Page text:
- With spring coming earlier due to climate change, leaves and caterpillars emerge earlier and birds need to breed earlier to avoid being mismatched. Researchers in England found that the earlier the spring, the less able birds are to do this.
April 23, 2018 University of Exeter Read full ScienceDaily article here
Warmer springs create a “mismatch” where hungry chicks hatch too late to feast on abundant caterpillars, new research shows.
With continued spring warming expected due to climate change, scientists say hatching of forest birds will be “increasingly mismatched” with peaks in caterpillar numbers.
The researchers, from the RSPB and the universities of Exeter and Edinburgh, used data collected across the UK — largely by citizen scientists — to study spring emergence of oak tree leaves and caterpillars, and timing of nesting by three bird species: blue tits, great tits and pied flycatchers….
…”Forests have a short peak in caterpillar abundance, and some forest birds time their breeding so this coincides with the time when their chicks are hungriest,” said Dr Malcolm Burgess, of the University of Exeter and the RSPB. “With spring coming earlier due to climate change, leaves and caterpillars emerge earlier and birds need to breed earlier to avoid being mismatched.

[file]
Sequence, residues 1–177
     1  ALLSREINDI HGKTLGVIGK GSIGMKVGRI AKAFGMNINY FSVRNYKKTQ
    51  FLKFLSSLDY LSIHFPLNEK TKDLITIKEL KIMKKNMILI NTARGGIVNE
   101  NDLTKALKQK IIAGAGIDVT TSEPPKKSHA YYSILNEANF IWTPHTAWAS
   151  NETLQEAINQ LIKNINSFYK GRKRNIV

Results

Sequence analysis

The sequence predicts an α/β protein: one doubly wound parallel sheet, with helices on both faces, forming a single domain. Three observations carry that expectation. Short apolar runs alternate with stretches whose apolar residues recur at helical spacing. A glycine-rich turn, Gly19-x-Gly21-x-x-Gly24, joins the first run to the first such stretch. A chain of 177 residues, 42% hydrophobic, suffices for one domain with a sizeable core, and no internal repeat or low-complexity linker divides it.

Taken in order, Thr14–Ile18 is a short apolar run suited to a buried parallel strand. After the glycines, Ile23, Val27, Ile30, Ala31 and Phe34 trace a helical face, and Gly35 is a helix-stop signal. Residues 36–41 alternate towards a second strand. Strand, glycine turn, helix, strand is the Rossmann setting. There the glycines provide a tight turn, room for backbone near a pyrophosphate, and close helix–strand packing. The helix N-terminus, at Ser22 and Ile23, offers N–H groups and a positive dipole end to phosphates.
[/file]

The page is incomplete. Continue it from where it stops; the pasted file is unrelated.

“We found that the earlier the spring, the less able birds are to do this. The biggest mismatch was among pied flycatchers — as migratory birds, they are not in the UK in winter and therefore are much less able to respond to earlier spring weather.”…
Malcolm D. Burgess, Ken W. Smith, Karl L. Evans, Dave Leech, James W. Pearce-Higgins, Claire J. Branston, Kevin Briggs, John R. Clark, Chris R. du Feu, Kate Lewthwaite, Ruedi G. Nager, Ben C. Sheldon, Jeremy A. Smith, Robin C. Whytock, Stephen G. Willis, Albert B. Phillimore. Tritrophic phenological match–mismatch in space and time. Nature Ecology & Evolution, 2018; DOI: 10.1038/s41559-018-0543-1